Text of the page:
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Lookup NU author(s): Dr Daniel Cole
This work is licensed under a Creative Commons Attribution-NonCommercial 4.0 International License (CC BY-NC 4.0).
Molecular mechanics force fields, which are commonly used in biomolecular modeling and computer-aided drug design, typically treat nonbonded interactions using a limited library of empirical parameters that are developed for small molecules. This approach does not account for polarization in larger molecules or proteins, and the parametrization process is labor-intensive. Using linear-scaling density functional theory and atoms-in-molecule electron density partitioning, environment-specific charges and Lennard-Jones parameters are derived directly from quantum mechanical calculations for use in biomolecular modeling of organic and biomolecular systems. The proposed methods significantly reduce the number of empirical parameters needed to construct molecular mechanics force fields, naturally include polarization effects in charge and Lennard-Jones parameters, and scale well to systems comprised of thousands of atoms, including proteins. The feasibility and benefits of this approach are demonstrated by computing free energies of hydration, properties of pure liquids, and the relative binding free energies of indole and benzofuran to the L99A mutant of T4 lysozyme.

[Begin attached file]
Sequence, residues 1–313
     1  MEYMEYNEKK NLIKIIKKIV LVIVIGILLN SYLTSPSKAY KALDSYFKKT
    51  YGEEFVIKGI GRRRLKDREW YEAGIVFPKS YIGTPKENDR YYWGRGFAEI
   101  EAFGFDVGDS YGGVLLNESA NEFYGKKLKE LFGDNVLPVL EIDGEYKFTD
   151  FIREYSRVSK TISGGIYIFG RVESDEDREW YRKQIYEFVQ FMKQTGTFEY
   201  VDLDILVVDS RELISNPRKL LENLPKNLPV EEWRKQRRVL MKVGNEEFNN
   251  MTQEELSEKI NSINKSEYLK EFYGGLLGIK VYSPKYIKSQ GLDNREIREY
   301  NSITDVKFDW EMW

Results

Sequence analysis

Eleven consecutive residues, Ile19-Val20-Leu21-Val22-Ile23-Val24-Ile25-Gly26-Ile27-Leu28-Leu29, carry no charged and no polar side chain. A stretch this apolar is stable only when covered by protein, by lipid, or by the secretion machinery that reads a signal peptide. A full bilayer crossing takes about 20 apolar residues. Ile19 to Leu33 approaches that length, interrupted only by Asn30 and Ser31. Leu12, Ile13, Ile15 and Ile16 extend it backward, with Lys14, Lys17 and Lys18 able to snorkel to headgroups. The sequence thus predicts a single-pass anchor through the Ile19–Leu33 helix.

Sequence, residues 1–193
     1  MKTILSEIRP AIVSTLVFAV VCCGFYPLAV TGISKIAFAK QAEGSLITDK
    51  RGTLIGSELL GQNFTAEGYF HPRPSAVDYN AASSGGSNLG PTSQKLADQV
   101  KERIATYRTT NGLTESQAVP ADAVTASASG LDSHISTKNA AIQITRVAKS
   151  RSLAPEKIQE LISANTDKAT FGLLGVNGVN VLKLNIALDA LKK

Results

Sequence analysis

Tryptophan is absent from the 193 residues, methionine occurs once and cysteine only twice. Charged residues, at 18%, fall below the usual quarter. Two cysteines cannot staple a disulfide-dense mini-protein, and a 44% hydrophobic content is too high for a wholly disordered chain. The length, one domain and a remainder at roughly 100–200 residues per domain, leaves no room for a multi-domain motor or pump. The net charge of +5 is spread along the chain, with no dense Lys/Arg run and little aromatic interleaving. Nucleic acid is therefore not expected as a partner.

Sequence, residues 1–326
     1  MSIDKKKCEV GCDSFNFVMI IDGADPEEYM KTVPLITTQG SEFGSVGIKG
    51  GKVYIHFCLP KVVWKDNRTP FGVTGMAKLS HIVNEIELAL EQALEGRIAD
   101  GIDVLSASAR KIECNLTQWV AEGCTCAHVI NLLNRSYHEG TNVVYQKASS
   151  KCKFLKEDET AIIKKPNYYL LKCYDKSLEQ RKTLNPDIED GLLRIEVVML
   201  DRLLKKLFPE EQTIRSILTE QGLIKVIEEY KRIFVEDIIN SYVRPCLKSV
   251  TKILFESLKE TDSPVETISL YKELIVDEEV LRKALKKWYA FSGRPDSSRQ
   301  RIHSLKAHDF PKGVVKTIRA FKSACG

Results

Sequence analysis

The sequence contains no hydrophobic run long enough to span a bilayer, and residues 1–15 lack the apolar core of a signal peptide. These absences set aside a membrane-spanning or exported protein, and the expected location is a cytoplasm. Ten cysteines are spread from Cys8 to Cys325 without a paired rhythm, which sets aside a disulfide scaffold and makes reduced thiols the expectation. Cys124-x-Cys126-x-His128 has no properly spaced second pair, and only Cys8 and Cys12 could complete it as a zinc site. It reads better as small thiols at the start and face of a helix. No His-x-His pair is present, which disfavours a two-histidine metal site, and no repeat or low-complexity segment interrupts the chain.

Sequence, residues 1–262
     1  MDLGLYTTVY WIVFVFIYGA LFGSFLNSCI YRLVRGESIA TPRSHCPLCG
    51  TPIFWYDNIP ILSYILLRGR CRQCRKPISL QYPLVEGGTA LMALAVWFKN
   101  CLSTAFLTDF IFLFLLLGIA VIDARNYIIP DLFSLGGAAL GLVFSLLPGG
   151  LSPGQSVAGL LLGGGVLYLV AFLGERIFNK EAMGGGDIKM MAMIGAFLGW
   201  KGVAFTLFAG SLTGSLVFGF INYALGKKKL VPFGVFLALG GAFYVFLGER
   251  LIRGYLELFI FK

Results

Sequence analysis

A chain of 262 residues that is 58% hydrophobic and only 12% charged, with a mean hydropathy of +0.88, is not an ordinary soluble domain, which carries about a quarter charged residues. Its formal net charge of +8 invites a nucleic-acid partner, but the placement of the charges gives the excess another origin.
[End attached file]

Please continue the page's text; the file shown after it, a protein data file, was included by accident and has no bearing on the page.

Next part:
Author(s): Cole DJ, Vilseck JZ, Tirado-Rives J, Payne MC, Jorgensen WL
Publication type: Article
Publication status: Published
Journal: Journal of Chemical Theory and Computation
Online publication date: 08/04/2016
Acceptance date: 08/04/2016
Date deposited: 11/07/2016
ISSN (print): 1549-9618
ISSN (electronic): 1549-9626
Publisher: American Chemical Society
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